77-350 Physiology of Exercise (26-212, Admitted)

The study of the body's physiological responses and adaptations to acute and chronic bouts of exercise. Training techniques and enhanced physical performance will be emphasized. Prerequisites: Admission to the Kinesiology or Athletic Training Majors and successful completion of Biology 212, OR Declared  Physical Education major and Phy Ed 275.  Special fees may apply.

77-351 Clinical Nutrition & Weight Management (26-212, Admitted)

Introduction to the principles of optimal nutrition, supplementation, and weight management as it relates to active and athletic populations. There is additional focus on the needs resulting from special circumstances (i.e. eating disorders, pregnant athletes, etc.). Prerequisites: Biology 212 and admission to the Kinesiology or Athletic Training Majors.

77-361 Medical Aspects of Kinesiology (77-350)

The course discusses medically related risks and benefits associated with the performance of exercise and physical activity, focusing on cardiovascular, pulmonary, and metabolic adaptations. Chronic disease states, acute disease states, pharmacological issues, special populations will be included. Prerequisite: Kinesiology 350.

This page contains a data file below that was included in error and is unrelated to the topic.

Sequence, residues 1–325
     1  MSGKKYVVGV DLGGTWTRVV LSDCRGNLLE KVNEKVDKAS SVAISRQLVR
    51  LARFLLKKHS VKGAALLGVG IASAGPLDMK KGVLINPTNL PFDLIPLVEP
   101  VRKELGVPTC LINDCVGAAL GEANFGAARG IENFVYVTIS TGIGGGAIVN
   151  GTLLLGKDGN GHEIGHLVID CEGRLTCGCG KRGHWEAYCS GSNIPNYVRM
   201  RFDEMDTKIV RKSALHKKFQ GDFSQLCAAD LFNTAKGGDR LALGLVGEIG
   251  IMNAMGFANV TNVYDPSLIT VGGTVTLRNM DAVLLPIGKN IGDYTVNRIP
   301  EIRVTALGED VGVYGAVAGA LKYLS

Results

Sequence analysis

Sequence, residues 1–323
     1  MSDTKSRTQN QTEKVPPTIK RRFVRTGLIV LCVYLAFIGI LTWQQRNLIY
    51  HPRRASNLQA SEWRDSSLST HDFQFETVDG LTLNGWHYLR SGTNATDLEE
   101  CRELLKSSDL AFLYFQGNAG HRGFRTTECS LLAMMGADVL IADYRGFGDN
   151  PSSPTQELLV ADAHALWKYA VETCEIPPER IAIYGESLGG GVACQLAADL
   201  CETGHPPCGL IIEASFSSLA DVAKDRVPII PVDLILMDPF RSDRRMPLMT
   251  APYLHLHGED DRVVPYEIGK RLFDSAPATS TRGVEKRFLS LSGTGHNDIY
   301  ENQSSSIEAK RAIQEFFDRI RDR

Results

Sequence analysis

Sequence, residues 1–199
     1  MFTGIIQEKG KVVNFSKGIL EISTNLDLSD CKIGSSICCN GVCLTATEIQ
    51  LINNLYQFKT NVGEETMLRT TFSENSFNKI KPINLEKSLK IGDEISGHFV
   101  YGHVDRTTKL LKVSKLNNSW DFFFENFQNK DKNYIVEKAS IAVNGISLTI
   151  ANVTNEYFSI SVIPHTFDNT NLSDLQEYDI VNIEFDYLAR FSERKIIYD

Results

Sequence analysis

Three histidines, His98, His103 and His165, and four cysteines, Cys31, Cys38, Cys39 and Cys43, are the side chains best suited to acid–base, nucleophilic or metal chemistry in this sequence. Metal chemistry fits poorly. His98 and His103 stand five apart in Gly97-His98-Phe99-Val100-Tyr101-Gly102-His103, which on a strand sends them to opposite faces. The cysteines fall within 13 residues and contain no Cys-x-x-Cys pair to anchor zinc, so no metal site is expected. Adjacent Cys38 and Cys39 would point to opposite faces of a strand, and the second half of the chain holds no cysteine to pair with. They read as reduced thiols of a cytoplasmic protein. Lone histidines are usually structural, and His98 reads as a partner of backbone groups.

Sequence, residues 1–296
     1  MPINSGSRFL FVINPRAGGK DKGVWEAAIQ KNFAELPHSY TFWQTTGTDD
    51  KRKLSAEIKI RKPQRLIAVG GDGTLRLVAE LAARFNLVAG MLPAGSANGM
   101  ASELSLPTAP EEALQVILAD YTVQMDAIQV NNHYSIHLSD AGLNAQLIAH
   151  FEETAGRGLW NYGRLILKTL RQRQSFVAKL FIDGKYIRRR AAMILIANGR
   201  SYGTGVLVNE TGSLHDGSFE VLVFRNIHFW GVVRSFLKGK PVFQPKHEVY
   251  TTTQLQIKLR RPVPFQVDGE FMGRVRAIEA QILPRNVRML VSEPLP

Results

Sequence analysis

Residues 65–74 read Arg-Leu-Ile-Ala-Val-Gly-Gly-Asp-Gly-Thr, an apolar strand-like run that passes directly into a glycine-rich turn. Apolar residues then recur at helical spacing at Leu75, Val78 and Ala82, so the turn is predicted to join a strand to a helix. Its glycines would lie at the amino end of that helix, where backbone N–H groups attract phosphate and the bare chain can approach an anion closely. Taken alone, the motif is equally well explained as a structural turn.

77-368 Research Techniques in Kinesiology (Statistics, Admitted)

The course encourages students to learn to design, critique, and prepare a research proposal utilizing APA (American Psychological Association) guidelines and present the proposal to peers and faculty. EBP principles and basic statistical concepts will be reviewed and incorporated into the student's proposal. Prerequisites: Admission to the Kinesiology or Athletic Training majors and one of the following: Psychology 203, Psychology 341, Sociology 281, Math 201, Math 301, Criminal Justice 281, or Economics 210.

Emphasis Courses

Biology course - 

Biology 323 - Molecular and Cellular Biology

This course covers the fundamental elements of molecular and cellular biology, including some current research techniques. Molecular biology covers structure, function and biosynthesis of DNA, RNA and proteins as well as regulation of gene expression. Cell biology examines cellular structures and how they accomplish replication, metabolism and response to the environment. Prerequisites: Biology 323;  Biology 105 (or equivalent); Chemistry 105 (or equivalent); and previous or concurrent enrollment in Chemistry 106; or equivalent. Biology 535: One year of college-level chemistry.

Chemistry courses - 

Chemistry 105 - General Chemistry I